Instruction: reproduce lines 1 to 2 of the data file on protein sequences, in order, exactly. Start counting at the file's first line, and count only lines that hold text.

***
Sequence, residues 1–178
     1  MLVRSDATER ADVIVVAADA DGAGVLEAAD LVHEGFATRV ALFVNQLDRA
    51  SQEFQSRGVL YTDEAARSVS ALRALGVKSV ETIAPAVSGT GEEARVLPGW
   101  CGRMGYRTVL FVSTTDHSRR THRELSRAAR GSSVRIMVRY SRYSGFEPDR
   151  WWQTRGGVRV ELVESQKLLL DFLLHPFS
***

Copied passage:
Sequence, residues 1–178
     1  MLVRSDATER ADVIVVAADA DGAGVLEAAD LVHEGFATRV ALFVNQLDRA